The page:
The Compu-tor is a Raspberry Pi laptop computer in a mahogany case
The Compu-tor, designed by [Henry Edwards], is one of those things that doesn’t fit into any category. It’s a clamshell laptop, although unlike most laptops, it doesn’t come with a built-in battery. It has a sleek, custom-designed case, but lacks the typical futuristic sci-fi look of a cyberdeck. The keyboard can be used as an input device, but can also transform into a musical instrument.
In short, it’s a bit of all of these things, but the most striking part is the beautifully machined mahogany case. The two halves are joined by two sturdy friction hinges and a silicone ribbon cable: the lower half contains the keyboard, speakers, USB ports and power connections, while the upper half contains a Raspberry Pi and a 10″ touch screen. The display frame has that curved shape typical of CRT monitors, fitting perfectly with the 1970s vibe given off by the dark wood.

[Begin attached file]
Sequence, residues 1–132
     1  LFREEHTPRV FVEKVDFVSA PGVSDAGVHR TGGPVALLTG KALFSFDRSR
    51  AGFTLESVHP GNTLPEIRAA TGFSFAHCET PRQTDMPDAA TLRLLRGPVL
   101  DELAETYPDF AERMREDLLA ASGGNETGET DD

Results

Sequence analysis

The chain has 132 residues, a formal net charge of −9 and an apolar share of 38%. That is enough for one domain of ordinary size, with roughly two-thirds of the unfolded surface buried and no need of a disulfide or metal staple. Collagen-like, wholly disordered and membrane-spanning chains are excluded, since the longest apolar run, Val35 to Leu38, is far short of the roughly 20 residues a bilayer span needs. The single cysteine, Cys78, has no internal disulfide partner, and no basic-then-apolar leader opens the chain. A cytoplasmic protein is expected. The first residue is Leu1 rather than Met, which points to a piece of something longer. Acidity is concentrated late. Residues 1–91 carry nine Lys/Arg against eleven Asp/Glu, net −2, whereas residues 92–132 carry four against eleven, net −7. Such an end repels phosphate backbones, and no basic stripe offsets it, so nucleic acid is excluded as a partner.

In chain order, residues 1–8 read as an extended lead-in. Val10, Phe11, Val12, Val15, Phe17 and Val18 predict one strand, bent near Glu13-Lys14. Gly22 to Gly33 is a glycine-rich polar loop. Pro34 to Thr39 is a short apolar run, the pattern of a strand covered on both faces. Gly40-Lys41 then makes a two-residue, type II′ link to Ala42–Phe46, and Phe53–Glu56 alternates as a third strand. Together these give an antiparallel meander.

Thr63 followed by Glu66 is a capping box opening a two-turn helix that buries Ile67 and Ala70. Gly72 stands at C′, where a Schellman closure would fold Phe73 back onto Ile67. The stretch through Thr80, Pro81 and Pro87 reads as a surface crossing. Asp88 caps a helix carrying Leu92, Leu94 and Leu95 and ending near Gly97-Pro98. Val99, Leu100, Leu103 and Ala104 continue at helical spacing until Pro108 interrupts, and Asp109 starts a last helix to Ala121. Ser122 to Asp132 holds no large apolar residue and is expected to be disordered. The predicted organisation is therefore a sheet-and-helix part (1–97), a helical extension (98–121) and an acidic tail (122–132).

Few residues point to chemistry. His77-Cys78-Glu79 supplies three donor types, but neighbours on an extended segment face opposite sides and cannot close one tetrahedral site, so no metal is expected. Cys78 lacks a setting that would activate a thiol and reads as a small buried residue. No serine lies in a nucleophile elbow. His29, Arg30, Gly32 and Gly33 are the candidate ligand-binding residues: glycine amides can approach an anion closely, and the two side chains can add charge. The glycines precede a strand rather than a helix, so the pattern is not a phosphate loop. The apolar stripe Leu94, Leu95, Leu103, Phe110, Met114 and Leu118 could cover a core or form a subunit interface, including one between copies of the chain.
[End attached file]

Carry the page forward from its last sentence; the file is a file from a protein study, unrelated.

Another retro touch is found in the connections between the various circuit boards and the front panel switches: [Henry] used wire-wrapping, something we haven’t seen in a while. The keyboard is a simple grid of identical keys with handwritten labels. Other labels, like the one for the power connector, are made from traditional embossing tape.
The Compu-tor runs Debian and seems quite usable as a compact laptop. It even comes with USB ports for plugging in external devices, and with a simple 12V input, finding an external power source shouldn’t be difficult. Wood seems to be a popular material for building Raspberry Pi-based laptops: we’ve seen them housed in everything from wooden cigar boxes to laser-cut plywood, and even incredibly tiny boxes.